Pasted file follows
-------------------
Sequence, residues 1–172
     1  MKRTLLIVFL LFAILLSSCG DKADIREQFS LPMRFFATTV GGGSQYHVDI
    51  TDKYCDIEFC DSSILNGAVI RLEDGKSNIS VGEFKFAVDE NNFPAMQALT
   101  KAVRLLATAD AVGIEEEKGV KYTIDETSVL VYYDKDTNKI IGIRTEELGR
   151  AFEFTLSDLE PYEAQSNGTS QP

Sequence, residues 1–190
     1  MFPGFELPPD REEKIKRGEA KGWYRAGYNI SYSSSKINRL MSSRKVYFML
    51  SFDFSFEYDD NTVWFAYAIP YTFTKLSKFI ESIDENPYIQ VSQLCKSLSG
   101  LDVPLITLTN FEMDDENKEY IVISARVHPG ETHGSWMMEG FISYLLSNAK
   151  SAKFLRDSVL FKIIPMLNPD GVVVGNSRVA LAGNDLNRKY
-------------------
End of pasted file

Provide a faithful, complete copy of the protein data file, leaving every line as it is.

Sequence, residues 1–172
     1  MKRTLLIVFL LFAILLSSCG DKADIREQFS LPMRFFATTV GGGSQYHVDI
    51  TDKYCDIEFC DSSILNGAVI RLEDGKSNIS VGEFKFAVDE NNFPAMQALT
   101  KAVRLLATAD AVGIEEEKGV KYTIDETSVL VYYDKDTNKI IGIRTEELGR
   151  AFEFTLSDLE PYEAQSNGTS QP

Sequence, residues 1–190
     1  MFPGFELPPD REEKIKRGEA KGWYRAGYNI SYSSSKINRL MSSRKVYFML
    51  SFDFSFEYDD NTVWFAYAIP YTFTKLSKFI ESIDENPYIQ VSQLCKSLSG
   101  LDVPLITLTN FEMDDENKEY IVISARVHPG ETHGSWMMEG FISYLLSNAK
   151  SAKFLRDSVL FKIIPMLNPD GVVVGNSRVA LAGNDLNRKY